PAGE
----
Sunitha Malepati: Yeah, so the CACNA1A Foundation was founded in 2020, the same year my daughter was diagnosed with this condition. And it’s really the first and only global patient-centric organization focused on finding effective treatment options and ultimately a cure for CACNA1A related disorders, the way we’ve thought about it at the CACNA1A Foundation is that there are a variety of stakeholders that need to be brought together to really think about how we go about pursuing treatment options for this community. And so we are laser-focused on ensuring that not only clinicians and researchers and drug developers are working on this condition, but working in concert with the patient community. And we have built this collaborative research network to do just that. So, we are getting all of the involved stakeholders together to really think about the research that needs to be done to work together and collaborate towards a single mission, which is a cure for CACNA1A-related disorders.

Daniel Levine: The rare disease space is being transformed by patient advocates who are engaging directly in drug development efforts, whether it’s funding research and ensuring there are things like natural history studies, animal models and biomarkers to enable drug development, and establishing companies to carry promising therapeutic candidates into the clinic. What’s driving this approach?

Sunitha Malepati: I think quite frankly, the system is failing the vast majority of rare diseases. I mean, I think we know the statistics, right? Ninety-five percent of rare diseases don’t have a single FDA approved therapy, and a lot of these diseases don’t have a viable business model, necessarily, for industry to really take a look and invest dollars into developing a therapy. So patient advocates, with the advent of tools that are easily accessible, are taking this upon themselves because they can’t wait for someone to come along and sort of save their kid. And we are left with no choice but to develop these natural history studies, animal models, and invest in biomarker research, just as the CACNA1A Foundation has done for this community because no one else was doing it. And we really are this next generation of patient advocate that Global Genes likes to call us, but we’re not just going to sit by and wait for someone to come—where we have to do it ourselves.

Daniel Levine: What’s the case for patient advocates taking the lead in drug development?

Sunitha Malepati: I think for the first time in our collective history, we are at this really unique moment in time where the science has never been this promising for genetic conditions like CACNA1A and other neurodevelopmental disorders, paired with the sophistication of the parents who are coming into this problem. And really it’s a combination of their savvy in other industries and then their child gets this diagnosis and they come and they bring their skillsets to this problem. And we are at a time where we can start to develop research relationships directly between researchers and clinicians who are seeing our families, as well as funders who want to support this work. So, we’re really uniquely positioned, given our sort of skin in the game, to get to a viable treatment options, but also because we have access to these tools and can deploy them to work on these diseases.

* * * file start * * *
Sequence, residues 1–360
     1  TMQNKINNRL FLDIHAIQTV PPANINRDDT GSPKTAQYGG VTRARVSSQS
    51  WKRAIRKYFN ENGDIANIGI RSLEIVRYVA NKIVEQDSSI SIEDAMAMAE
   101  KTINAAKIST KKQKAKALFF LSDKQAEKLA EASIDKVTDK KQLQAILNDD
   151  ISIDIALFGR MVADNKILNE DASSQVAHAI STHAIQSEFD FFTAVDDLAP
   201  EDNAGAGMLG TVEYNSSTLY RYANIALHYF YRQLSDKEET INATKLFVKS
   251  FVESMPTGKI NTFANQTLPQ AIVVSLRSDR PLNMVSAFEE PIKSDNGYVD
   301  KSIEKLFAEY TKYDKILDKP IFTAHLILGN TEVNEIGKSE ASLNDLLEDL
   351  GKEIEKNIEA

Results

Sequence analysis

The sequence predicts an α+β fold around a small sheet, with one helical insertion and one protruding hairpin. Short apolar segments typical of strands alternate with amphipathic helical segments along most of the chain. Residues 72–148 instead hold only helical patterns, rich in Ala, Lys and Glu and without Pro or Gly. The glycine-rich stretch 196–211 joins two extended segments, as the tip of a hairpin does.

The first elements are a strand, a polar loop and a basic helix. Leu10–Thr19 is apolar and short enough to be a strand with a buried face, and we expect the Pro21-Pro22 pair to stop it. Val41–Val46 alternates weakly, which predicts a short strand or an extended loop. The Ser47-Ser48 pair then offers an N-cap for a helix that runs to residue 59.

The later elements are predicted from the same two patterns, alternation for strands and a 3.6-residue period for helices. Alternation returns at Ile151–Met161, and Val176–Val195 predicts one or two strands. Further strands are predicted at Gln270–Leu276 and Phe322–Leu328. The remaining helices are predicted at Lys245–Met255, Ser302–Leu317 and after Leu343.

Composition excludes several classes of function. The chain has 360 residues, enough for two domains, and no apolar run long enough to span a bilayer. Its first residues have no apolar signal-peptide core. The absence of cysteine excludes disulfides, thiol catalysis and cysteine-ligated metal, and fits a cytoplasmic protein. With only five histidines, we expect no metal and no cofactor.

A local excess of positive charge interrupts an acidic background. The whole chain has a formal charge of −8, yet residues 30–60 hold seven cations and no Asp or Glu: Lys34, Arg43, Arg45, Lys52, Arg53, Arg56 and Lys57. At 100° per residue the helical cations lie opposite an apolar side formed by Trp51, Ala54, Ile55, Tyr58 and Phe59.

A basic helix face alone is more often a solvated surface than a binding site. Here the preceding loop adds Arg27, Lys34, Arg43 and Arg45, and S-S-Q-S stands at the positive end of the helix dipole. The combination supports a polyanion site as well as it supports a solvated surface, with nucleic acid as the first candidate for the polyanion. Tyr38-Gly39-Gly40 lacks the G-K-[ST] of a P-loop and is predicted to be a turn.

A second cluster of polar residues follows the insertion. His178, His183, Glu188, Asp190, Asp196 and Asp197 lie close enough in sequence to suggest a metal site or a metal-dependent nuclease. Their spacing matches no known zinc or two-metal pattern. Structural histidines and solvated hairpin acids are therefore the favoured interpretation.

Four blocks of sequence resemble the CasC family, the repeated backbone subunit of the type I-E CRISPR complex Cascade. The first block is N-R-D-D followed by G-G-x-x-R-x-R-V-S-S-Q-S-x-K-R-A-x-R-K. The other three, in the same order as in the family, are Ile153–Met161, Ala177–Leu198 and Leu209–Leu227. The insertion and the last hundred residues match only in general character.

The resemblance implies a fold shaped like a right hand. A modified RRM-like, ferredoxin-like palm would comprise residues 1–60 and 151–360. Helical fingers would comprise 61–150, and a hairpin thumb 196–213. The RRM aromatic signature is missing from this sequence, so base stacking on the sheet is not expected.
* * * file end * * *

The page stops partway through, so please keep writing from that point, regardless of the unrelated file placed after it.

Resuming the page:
Daniel Levine: As you think about the challenges of developing therapies for rare diseases, are there things that an approach driven by rare disease patient organizations might be well suited to address?

Sunitha Malepati: Absolutely. I think right now, patient communities, we don’t have time to wait and we’re ideally positioned to accelerate these breakthroughs for our communities because the return on our investment is our kids. They’re our children’s lives. And so what we’re doing right now is breaking down research silos. We’re uniting our communities with researchers and clinicians to accelerate scientific progress more quickly and efficiently. And patient organizations are leading the process in a number of different ways: the science, we’re identifying patients, organizing research networks, developing tools and data resources. I mean all of the things necessary to solve a particular scientific problem. And there’s no other actor in the system that’s doing that. I mean, there are a lot of big science funders that are looking at umbrella approaches. There are research dollars going to answering basic scientific questions, but the people that are answering the questions that are most meaningful to patients are the patient communities themselves.

Daniel Levine: You’re a founder of the Buffalo Initiative. What is the Buffalo Initiative and what problem is it trying to address?

Sunitha Malepati: Yeah, so the Buffalo Initiative really is an intentional ten-year effort to rewrite the way therapeutic discovery happens, particularly for childhood brain diseases. And our goal is singular in mind. We really want more treatments for kids, and we’re challenging the way this traditional scientific expert-driven research model happens. And we’re going to be investing in a scientific enterprise that’s driven by patient organizations and their collaborative networks. So, community-led research efforts is really the focus of the Buffalo Initiative, and what we’re going to do is expand participation, leadership, and thought partnership of community-led research efforts so that we can see that the therapies that are being developed for rare diseases are actually driven by the expertise and experiences of those who are directly impacted.

Daniel Levine: You attended an event where Michael Hund of the EB Research partnership spoke. This was the inspiration for the name Buffalo Initiative. Can you explain?